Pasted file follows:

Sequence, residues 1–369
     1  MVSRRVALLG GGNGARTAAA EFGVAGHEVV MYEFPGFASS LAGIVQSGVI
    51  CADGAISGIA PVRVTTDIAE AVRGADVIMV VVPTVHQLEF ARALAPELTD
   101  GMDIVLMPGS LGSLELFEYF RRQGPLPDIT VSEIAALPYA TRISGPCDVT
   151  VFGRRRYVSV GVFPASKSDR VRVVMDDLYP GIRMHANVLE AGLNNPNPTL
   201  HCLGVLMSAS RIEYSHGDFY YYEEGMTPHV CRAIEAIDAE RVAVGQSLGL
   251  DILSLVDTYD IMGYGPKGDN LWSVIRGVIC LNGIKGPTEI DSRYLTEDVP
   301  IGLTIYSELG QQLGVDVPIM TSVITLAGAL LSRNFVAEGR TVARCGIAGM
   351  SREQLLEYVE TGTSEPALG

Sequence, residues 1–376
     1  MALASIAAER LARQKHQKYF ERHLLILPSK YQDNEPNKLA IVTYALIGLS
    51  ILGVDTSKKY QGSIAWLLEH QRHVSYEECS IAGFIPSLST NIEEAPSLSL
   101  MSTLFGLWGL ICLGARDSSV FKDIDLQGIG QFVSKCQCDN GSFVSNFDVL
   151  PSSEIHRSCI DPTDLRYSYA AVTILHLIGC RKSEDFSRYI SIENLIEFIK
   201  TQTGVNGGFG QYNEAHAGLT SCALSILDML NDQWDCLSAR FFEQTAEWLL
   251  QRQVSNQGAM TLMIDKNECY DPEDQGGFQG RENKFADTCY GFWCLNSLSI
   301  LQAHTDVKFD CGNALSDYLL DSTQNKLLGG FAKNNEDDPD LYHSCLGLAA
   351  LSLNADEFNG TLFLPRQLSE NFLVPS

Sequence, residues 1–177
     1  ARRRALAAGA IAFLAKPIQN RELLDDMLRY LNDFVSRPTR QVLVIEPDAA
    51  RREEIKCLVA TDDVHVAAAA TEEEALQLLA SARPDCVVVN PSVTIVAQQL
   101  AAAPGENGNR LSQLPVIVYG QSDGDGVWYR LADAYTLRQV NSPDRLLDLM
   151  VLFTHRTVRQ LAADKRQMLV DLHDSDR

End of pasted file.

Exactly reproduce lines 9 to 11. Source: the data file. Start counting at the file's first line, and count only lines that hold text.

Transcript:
   351  SREQLLEYVE TGTSEPALG

Sequence, residues 1–376
     1  MALASIAAER LARQKHQKYF ERHLLILPSK YQDNEPNKLA IVTYALIGLS